A while back before the fighting started, I related some first hand experiences that convinced me there was enough resentment amongst Ukrainians of the arrogant, nay racist, Russian attitude towards them that their resistance would be of the 1939 Finnish variety, as opposed to the French 1940 vintage. In this context I mentioned an incident at a business dinner in Moscow where a Ukrainian was present and a Russian told a joke, the punchline of which was to compare Ukrainians unfavourably with those of African descent, (which in Russian parlance is seriously insulting).
And here we are! A recent Russian cartoon.
The caption is in cod-Ukrainian, which any Russian would understand. The two Ukrainian cavemen, dwelling amidst the bombed-out ruins, have walked past a desecrated statue of Lenin that someone has replaced with a little sign saying 'glory to Ukraine'. I'm having trouble translating one word - СОВОК **- but anyhow, one says to the other, That's how we smash up the entire Moscow "СОВОК" - now, back to the cave to celebrate the "victory"! The twofold suggestion is clear: they are sub-human neanderthals; and if they think they've done any serious damage to Russian plans, they've a surprise coming.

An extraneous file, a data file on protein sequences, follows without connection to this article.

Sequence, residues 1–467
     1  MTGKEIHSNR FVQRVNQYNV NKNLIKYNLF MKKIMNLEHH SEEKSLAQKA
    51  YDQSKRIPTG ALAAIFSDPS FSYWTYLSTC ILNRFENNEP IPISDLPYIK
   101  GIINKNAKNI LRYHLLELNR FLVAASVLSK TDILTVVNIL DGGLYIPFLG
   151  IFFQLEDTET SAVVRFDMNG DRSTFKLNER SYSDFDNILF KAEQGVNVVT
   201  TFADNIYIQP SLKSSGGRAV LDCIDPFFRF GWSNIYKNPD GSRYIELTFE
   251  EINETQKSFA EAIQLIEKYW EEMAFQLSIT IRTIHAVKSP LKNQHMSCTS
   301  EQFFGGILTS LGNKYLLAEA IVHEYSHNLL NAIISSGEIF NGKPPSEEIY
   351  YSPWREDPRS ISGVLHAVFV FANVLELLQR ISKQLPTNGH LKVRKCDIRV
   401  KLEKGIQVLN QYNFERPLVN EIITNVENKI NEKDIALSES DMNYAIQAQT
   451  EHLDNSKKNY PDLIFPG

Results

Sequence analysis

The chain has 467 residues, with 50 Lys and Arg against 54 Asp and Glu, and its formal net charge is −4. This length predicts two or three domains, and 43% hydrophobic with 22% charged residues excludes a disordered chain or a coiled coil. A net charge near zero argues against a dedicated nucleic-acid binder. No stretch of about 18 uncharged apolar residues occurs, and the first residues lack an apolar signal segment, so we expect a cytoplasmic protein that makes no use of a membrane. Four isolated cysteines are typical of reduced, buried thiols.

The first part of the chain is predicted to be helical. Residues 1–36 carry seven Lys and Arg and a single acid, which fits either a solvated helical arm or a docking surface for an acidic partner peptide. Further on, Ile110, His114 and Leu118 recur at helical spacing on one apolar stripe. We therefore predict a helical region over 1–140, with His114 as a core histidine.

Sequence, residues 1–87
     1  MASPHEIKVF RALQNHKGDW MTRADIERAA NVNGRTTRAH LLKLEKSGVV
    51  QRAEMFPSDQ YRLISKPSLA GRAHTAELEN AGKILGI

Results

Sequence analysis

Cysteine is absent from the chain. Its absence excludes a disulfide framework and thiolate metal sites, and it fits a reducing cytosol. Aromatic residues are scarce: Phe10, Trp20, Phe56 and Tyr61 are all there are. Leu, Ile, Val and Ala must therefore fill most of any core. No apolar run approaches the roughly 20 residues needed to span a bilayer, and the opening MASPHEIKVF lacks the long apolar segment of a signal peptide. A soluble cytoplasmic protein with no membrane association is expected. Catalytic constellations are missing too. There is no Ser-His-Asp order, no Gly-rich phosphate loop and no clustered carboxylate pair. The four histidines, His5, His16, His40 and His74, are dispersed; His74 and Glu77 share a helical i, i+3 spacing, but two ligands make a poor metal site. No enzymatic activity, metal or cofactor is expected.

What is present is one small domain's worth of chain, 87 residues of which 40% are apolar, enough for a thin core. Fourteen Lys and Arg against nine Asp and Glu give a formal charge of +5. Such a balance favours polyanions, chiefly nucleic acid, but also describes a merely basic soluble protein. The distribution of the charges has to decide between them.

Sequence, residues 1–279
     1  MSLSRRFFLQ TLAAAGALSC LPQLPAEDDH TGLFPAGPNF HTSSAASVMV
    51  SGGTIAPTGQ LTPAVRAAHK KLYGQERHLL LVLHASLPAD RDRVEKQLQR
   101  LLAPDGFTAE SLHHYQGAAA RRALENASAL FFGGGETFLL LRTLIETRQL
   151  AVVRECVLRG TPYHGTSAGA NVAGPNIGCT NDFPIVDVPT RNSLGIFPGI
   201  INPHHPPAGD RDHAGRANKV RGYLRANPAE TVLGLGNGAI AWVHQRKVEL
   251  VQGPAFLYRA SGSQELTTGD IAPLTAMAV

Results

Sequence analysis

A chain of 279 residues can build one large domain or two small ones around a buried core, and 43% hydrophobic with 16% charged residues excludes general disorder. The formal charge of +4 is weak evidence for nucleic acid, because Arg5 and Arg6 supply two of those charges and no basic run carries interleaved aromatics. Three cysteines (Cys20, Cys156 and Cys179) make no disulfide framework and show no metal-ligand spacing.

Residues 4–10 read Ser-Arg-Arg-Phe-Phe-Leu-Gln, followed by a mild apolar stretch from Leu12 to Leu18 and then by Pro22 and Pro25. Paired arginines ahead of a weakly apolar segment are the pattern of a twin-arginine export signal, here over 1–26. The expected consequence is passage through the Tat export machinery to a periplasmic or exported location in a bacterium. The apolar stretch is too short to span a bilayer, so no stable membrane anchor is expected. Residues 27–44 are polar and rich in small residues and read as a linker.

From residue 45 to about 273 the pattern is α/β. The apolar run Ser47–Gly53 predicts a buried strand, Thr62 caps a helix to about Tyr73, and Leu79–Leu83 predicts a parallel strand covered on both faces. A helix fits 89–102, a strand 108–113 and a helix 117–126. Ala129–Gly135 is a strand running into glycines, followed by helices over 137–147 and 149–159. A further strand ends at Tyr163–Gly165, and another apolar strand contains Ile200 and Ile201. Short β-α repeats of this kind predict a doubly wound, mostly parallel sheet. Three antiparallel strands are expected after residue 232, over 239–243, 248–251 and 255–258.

Q.E.D. Not a recipe for taking the other side seriously. And of course the surprises have mostly been coming from the opposite direction ...
** СОВОК, google tells me, means the same in both languages, namely "a scoop", in the wholly literal sense of a low-grade implement (- including, e.g., a pooperscoop) - with no indication it has a journalistic usage as in English. In the cartoon, it's in inverted commas, either suggesting a colloquial meaning or, as with the other word in inverted commas, ПЕРЕМОГУ (victory), suggesting a gross misappreciation of something on the part of the cavemen.
I'm assuming it's meant to imply the Ukrainians might have managed to destroy some modest piece of Russian military equipment that's of no consequence. Or maybe it's the statue? Or that they don't realise they've destroyed something much more valuable than they know? But if one of our, *ahem*, many new Russian readers would like to put us onto a better rendering of the term in this context, we'd be happy to hear from them.
UPDATE: a reader has kindly cleared this up for us - see BTL comments: it seems to be a slighting term for someone that hankers after the old Soviet days. Makes perfect sense (it's relating to the defacement of the statue after all, then) - thanks!